Does it seem fair that half of the nearly 300 capital cases had been reversed for a new trial or re sentencing? Last year, there were about 1000 murders, and only 2% were sentenced to death. As a free and independent country, we set an example for justice and fairness, but these statistics make us look like we are pulling names out of hats. Not very impressive on our parts! "To take a life when a life has been lost is revenge, not justice!" stated Reverend Desmond Tutu, speaking about the Death Penalty. Sometimes, we put our minds on getting back at people too fast which causes fault in accusing the person who committed the crime. In most cases the defense lawyers don't even consult with their client.

In Illinois there have been a few lawyers found to be convinced the person did the crime and didn't bother talking to the person they are supposed to represent. In many cases the jury, and the judge are so confused by what to do that even more mistakes are committed. This is an embarrassment, it's unfair, unjust, and finally the Governor found these flaws, and did something about it. Should some, all or none of the inmates on Death Row be taken out of Death Row to life with out the possibility of parole? Some believe that the person who was accused of the crime that put them on Death Row should choose what to do with his / her life, while others (like me) believe they should just suffer and rot in jail. Well a lot of the inmates don't want life without parole. Why wouldn't you want to die if you have to sit in a jail cell that is 5 ft by 12 ft, double bunked, no air-conditioning, where temperatures can exceed over 100 degrees during the summer months.

Prisoners should not get this choice. But even as bad as it sounds they do get medical attention, while the surviving victims of these horrible crimes are suffering in pain. Governor Ryan pointed out a specific man who was shot and paralyzed by the same man who killed his brother. The murderer is now in jail getting free health, while the paralyzed man is in extraordinary pain, and struggling to pay his medical bills.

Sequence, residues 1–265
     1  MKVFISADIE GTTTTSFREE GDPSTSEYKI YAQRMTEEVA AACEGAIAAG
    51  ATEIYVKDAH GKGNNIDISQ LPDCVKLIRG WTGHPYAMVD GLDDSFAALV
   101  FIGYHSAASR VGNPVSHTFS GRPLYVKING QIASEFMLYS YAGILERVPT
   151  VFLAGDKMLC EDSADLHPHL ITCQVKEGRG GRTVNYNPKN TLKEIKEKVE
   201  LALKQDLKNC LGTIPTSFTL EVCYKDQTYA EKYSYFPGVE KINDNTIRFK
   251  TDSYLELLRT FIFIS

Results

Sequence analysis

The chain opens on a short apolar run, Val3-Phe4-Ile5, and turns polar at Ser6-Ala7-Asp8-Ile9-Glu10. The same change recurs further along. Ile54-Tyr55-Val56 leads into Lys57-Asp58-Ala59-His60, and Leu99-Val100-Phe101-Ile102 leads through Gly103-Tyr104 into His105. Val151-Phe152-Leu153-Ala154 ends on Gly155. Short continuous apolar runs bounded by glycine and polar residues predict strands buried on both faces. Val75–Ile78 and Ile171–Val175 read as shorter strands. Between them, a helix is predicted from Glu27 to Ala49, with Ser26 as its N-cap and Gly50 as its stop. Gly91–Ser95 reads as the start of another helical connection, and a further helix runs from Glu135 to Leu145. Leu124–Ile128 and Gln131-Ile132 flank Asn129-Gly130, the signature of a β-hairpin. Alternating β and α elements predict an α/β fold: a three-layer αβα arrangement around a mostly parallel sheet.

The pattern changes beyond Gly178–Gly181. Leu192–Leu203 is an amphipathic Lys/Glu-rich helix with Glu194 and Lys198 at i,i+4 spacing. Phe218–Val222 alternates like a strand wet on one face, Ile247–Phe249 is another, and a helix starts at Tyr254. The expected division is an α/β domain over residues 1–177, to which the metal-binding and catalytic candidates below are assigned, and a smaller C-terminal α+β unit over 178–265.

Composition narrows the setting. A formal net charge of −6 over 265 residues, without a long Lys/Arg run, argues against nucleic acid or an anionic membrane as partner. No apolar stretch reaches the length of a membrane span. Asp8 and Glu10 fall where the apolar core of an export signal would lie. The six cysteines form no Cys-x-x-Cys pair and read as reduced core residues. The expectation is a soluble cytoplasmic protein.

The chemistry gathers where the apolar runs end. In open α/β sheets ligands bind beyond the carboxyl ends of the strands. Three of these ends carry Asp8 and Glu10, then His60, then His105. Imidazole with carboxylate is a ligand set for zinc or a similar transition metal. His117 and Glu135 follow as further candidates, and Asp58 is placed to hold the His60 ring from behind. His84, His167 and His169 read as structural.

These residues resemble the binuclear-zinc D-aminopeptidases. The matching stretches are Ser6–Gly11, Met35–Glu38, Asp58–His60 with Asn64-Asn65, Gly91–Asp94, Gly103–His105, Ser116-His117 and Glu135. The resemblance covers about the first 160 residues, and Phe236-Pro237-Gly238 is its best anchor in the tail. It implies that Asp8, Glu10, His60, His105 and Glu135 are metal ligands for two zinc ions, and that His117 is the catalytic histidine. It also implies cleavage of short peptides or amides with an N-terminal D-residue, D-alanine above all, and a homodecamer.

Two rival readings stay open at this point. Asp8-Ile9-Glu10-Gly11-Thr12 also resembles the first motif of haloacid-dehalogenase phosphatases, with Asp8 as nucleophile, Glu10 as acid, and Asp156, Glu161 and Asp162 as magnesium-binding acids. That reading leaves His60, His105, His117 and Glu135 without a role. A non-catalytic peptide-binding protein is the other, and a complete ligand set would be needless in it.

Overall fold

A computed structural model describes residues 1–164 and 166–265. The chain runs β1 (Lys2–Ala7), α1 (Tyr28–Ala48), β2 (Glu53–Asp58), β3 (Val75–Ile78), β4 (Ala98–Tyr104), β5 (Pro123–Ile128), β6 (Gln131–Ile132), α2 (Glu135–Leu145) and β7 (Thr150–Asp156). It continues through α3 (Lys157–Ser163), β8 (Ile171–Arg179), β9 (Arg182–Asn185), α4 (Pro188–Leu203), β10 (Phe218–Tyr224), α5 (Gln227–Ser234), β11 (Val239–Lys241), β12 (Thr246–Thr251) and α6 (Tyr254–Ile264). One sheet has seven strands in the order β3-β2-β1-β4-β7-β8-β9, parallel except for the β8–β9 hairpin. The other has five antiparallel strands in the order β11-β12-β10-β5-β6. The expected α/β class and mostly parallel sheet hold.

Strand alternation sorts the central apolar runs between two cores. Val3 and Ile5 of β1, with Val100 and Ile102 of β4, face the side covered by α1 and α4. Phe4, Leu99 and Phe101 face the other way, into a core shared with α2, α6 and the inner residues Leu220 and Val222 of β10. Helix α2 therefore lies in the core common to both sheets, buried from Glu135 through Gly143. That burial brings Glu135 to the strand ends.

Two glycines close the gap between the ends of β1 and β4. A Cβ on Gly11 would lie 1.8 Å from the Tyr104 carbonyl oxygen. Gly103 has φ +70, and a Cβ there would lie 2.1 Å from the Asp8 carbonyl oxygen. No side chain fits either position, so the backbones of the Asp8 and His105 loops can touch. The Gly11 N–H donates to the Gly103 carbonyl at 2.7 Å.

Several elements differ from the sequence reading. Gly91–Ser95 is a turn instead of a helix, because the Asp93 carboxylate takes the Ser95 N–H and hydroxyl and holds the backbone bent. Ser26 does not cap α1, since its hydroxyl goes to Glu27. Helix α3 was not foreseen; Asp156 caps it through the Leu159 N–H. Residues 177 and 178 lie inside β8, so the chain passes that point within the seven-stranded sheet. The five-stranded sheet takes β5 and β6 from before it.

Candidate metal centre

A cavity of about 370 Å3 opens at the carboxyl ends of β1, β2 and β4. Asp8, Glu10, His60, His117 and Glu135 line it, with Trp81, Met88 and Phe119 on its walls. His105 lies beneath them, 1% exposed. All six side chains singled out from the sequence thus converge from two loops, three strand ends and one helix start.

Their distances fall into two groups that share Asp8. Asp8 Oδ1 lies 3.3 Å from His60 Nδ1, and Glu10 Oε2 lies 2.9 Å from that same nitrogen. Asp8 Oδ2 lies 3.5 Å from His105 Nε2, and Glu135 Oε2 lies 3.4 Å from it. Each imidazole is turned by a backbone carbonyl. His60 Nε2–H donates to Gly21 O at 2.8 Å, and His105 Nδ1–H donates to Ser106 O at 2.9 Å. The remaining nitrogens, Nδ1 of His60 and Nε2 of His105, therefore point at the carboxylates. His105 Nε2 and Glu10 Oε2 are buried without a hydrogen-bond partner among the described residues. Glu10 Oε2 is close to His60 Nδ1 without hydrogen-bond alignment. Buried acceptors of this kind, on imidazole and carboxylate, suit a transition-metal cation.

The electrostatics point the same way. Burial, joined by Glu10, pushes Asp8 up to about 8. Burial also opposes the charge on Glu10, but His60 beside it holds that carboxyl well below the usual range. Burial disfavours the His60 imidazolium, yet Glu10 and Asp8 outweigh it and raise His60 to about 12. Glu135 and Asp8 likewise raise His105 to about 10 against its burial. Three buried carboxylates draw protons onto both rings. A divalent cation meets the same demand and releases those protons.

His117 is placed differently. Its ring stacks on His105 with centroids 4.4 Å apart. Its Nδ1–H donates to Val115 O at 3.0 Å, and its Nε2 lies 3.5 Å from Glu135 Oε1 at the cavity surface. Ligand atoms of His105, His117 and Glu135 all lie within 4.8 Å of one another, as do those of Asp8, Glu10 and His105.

That is just another huge flaw in this system. Governor Ryan was sworn into office and made one of the biggest steps in Illinois history. He halted all executions in Illinois in January of 2000, 156 Death Row Inmates were commuted after he took office, and he saved 4 more innocent men's lives raising the total of falsely accused inmates on Death Row to 17, while only 12 have been executed. He has the constitutional role to act in fairness and in justice. I think he did just that by getting rid of the Capital Punishment System, which seems like a fair and just thing to do.

When Illinois Capital Punishment flaws were exposed, Governor Ryan took initiative and wrote a Commission to reduce the chance of sending the innocent people to their deaths and to correct other problems with the state's laws. The many recommendations to improve the system were noticed and will be put into place. Death Penalty will not be an option in this state until judges, jury, police and the 120 decision makers are properly trained. So was Governor Ryan's choice a good one? Is Illinois Capital Punishment System ever going to straighten out, or was it ok in the first place? We will see in years to come.